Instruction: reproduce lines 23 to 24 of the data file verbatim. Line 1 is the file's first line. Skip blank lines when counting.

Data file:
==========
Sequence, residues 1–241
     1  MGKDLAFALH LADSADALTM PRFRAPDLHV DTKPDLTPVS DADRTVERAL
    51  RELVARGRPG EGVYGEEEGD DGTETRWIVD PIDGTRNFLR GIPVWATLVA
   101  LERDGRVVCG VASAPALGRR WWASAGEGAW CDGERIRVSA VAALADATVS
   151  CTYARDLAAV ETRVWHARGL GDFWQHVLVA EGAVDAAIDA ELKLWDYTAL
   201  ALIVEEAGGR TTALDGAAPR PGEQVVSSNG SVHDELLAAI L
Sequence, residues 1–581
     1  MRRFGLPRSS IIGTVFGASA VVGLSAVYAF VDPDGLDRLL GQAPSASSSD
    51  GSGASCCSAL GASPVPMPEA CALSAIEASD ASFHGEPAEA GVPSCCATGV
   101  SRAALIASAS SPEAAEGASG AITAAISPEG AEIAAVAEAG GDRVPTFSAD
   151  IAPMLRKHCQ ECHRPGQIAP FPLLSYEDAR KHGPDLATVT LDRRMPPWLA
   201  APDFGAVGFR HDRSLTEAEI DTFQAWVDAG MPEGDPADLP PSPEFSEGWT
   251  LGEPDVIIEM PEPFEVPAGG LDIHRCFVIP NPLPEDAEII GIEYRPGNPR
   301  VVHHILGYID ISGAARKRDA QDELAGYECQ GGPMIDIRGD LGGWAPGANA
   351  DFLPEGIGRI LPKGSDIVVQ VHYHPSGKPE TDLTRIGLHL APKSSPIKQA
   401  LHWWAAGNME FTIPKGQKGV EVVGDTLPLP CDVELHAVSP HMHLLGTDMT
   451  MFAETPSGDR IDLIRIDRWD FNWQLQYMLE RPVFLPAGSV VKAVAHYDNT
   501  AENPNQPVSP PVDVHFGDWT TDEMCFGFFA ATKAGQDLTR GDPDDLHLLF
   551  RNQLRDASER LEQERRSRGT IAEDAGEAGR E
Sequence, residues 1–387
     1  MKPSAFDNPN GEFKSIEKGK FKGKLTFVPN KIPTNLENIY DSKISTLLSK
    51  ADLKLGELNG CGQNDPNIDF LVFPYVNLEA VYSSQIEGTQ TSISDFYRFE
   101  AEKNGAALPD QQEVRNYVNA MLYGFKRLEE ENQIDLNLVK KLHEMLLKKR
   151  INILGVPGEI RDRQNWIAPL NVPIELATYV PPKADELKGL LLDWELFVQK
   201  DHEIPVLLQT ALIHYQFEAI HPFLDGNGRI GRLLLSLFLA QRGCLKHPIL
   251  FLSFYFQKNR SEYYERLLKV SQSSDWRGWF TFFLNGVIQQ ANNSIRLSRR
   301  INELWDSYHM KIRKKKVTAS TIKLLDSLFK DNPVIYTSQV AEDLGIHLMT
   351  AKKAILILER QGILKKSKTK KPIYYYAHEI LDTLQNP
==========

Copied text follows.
   101  AEKNGAALPD QQEVRNYVNA MLYGFKRLEE ENQIDLNLVK KLHEMLLKKR
   151  INILGVPGEI RDRQNWIAPL NVPIELATYV PPKADELKGL LLDWELFVQK